Critical literacy and diversity in higher education

A case study of a multilingual learner

Y. L. Koo

    Research output: Contribution to journalArticle

    1 Citation (Scopus)

    Abstract

    UNESCO (2004a) speaks of the importance of critical literacy (Street, 1995; Wagner, Venezky, & Street., 1999; Robinson, 2003) in an age where symbolic violence and oppression of diverse views threaten democratic civic life. This paper reports the findings of a post-modern qualitative research which examined a postgraduate student's voice and experiences in terms of a pedagogy committed to building critical literacy for multilingual students through a Critical Literacy Awareness (CLA) Perspective and Method. The paper qualitatively examined the postgraduate student's talk and reflective logs as a point of entry into her negotiations of plural, intersecting and/or conflicting identities and discourses and in relation to ideological perspectives on literacy and contested ways of knowing (Wallace, 1988; Lankshear & McLaren, 1993; Kress, 2003; Koo, 2008a). The findings indicate that for it to be empowering of learner diversity, teacher talk and interventions have to engage with student's unequally valued language and multicultural resources in context and to work with the competing and dominant discourses which are recognised as legitimate in education and the workplace (Luke, 1993).

    Original languageEnglish
    Pages (from-to)205-218
    Number of pages14
    JournalPertanika Journal of Social Science and Humanities
    Volume20
    Issue number1
    Publication statusPublished - Mar 2012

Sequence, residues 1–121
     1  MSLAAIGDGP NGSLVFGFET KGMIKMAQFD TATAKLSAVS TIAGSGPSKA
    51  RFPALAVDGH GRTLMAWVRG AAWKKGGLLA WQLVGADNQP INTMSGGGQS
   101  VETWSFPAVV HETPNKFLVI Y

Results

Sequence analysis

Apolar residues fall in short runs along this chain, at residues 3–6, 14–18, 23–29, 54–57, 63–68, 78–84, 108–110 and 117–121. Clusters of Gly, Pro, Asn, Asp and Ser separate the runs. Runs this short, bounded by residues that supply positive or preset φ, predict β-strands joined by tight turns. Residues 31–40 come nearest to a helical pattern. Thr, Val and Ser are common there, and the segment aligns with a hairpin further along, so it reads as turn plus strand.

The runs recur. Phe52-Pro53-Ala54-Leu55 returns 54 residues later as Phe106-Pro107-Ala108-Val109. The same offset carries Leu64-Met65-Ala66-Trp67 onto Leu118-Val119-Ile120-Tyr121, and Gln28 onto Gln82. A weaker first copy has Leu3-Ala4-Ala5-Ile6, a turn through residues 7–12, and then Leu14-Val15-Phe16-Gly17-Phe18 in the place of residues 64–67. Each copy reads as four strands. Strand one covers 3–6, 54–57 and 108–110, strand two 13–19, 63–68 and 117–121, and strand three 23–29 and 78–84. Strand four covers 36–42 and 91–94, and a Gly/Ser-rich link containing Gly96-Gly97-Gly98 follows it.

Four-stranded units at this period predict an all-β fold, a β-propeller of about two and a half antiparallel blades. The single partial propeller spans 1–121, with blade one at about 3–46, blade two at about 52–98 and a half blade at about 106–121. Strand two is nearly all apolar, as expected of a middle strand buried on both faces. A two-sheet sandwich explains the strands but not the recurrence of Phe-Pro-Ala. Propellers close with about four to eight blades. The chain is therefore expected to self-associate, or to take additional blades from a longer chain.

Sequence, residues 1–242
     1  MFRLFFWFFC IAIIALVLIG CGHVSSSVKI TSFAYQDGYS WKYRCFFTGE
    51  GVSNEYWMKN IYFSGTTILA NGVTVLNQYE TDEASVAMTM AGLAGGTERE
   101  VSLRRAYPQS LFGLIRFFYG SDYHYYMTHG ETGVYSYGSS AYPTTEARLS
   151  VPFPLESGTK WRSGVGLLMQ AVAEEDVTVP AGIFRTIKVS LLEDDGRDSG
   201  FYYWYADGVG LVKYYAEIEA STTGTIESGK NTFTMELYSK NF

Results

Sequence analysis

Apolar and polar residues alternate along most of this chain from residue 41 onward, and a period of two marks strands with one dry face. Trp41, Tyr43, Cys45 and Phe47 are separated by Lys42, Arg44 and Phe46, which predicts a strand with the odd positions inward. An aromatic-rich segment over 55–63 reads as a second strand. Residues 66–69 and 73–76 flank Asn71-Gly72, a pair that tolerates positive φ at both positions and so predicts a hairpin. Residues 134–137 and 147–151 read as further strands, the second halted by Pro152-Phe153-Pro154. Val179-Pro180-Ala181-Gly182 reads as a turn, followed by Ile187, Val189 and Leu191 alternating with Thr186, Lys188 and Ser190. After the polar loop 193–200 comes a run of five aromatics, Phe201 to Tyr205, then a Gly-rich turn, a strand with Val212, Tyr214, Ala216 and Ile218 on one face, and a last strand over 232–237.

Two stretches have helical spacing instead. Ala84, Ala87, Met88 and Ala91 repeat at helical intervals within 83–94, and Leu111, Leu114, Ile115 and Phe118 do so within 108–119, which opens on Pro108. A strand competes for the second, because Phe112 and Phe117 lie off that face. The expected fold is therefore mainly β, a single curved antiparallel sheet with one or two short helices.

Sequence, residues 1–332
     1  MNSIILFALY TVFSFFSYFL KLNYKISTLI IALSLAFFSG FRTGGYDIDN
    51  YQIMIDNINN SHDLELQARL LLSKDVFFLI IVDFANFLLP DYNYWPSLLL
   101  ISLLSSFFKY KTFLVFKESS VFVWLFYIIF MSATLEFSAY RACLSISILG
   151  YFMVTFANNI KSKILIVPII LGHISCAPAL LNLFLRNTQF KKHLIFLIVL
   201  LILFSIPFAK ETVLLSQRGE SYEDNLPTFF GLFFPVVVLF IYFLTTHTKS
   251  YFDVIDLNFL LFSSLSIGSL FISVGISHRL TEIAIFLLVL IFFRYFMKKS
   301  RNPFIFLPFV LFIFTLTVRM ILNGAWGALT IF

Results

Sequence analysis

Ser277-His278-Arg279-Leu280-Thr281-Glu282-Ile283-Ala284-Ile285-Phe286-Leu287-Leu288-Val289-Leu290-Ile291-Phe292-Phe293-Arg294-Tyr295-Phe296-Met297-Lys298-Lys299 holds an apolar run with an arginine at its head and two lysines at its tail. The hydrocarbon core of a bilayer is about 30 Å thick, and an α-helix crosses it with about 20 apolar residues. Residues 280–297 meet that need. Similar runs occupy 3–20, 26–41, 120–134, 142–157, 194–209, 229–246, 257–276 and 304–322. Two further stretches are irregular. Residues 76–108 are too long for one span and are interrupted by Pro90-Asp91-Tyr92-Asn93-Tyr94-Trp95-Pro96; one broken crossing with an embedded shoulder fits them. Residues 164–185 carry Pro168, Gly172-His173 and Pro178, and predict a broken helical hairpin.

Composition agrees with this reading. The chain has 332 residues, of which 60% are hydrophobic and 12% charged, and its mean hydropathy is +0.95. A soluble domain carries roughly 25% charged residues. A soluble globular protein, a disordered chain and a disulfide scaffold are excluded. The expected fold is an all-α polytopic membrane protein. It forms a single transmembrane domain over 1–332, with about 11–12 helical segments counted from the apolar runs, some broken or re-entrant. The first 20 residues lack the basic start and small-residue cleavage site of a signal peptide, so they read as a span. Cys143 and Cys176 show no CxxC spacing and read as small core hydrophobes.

Fingerprint

    literacy
    education
    student
    symbolic violence
    discourse
    UNESCO
    oppression
    qualitative research
    workplace
    Critical Literacy
    Literacy
    teacher
    language
    resources
    experience
    Discourse
    Reflective
    Education
    Symbolic Violence
    Language

    Keywords

    • Critical Literacy Awareness
    • Cultural diversity
    • Higher education
    • Language education
    • Literacy practices
    • Multilingual learners
    • Qualitative research
    • Student voices

    ASJC Scopus subject areas

    • Arts and Humanities(all)
    • Business, Management and Accounting(all)
    • Economics, Econometrics and Finance(all)
    • Social Sciences(all)

    Cite this

    Critical literacy and diversity in higher education : A case study of a multilingual learner. / Koo, Y. L.

    In: Pertanika Journal of Social Science and Humanities, Vol. 20, No. 1, 03.2012, p. 205-218.

    Research output: Contribution to journalArticle

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